Hawthorne’s prefaces to his romances, though largely ignored as a composite body of work, contain key insights into reading his fiction. Each preface is a sort of instruction manual directed toward the reader. He expects empathy from his readers and openness to his version of magical realism. A study of Hawthorne’s concept of the “Unpardonable Sin” as presented in “Ethan Brand” reveals that these reading instructions warn against a similar crime, that of a cold lack of empathy and tendency toward disbelief. On a much smaller scale, then, it becomes clear that a reader who does not follow Hawthorne’s instructions would be an unpardonable reader. Hawthorne provides examples of these unpardonable readers in three of his tales: “A Christmas Banquet,” “The Devil in the Manuscript,” and “Alice Doane’s Appeal.” Fortunately, in “Alice Doane’s Appeal,” Hawthorne offers an opportunity for redemption. Though unpardonable sinners may be beyond repentance and salvation, unpardonable readers are not.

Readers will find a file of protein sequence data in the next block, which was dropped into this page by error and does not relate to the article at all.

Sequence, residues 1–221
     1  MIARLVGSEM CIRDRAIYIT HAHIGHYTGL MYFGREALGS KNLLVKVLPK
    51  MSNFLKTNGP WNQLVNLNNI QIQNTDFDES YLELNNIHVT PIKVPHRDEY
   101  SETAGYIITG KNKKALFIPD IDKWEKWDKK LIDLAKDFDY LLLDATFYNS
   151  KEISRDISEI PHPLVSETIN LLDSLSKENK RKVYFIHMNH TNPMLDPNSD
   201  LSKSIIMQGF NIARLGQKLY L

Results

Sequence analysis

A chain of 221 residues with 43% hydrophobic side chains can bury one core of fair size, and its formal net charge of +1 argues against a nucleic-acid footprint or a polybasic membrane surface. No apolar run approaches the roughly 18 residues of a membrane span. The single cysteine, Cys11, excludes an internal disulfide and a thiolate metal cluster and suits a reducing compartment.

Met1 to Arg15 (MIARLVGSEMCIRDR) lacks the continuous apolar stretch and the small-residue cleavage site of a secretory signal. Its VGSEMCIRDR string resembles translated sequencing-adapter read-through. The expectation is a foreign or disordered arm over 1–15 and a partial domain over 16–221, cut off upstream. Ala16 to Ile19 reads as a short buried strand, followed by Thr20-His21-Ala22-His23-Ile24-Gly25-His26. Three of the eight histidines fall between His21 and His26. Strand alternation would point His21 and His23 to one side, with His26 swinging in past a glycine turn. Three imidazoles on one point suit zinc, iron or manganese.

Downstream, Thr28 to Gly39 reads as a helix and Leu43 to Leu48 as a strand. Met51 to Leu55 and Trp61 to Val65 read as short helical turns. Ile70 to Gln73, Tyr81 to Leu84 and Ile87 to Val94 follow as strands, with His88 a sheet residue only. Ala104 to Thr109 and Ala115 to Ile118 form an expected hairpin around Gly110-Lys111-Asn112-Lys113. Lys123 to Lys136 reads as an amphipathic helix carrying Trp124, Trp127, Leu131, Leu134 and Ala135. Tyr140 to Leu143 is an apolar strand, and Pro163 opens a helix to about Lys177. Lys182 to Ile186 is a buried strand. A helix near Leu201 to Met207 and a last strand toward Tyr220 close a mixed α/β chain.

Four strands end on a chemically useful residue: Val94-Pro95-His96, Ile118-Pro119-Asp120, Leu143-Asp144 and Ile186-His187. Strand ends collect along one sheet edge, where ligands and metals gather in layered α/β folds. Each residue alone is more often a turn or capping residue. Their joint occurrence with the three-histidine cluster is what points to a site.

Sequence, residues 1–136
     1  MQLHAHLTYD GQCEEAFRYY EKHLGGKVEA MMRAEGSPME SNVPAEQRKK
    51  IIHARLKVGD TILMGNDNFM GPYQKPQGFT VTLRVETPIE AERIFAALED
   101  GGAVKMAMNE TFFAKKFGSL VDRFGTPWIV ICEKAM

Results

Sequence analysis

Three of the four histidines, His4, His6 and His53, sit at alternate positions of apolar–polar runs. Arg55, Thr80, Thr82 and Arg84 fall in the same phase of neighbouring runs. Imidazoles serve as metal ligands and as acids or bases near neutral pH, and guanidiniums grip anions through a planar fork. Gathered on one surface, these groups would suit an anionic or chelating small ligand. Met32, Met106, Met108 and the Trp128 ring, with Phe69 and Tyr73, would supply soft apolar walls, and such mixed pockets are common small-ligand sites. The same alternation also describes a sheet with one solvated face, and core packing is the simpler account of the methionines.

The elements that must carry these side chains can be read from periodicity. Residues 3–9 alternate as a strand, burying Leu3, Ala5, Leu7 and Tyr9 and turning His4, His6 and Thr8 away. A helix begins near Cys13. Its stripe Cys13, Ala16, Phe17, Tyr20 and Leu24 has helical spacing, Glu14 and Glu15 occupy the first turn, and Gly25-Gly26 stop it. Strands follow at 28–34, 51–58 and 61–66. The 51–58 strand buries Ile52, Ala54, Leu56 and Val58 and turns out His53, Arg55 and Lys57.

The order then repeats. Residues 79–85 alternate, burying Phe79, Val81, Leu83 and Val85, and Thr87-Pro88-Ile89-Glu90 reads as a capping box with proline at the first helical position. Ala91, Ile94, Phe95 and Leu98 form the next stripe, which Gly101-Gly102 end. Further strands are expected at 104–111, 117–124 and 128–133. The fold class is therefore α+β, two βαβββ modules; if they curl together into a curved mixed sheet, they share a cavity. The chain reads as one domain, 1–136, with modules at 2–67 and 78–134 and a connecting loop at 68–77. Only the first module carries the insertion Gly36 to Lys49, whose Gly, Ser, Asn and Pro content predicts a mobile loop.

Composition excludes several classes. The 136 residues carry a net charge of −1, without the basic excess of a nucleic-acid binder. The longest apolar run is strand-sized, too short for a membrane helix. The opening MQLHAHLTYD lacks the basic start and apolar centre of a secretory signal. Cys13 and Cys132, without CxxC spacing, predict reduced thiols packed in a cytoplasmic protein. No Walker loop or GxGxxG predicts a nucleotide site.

Preferred Citation Style (e.g. APA, MLA, Chicago, etc.)
"The Unpardonable Reader,"
The Hilltop Review: Vol. 10
, Article 3.
Available at: https://scholarworks.wmich.edu/hilltopreview/vol10/iss1/3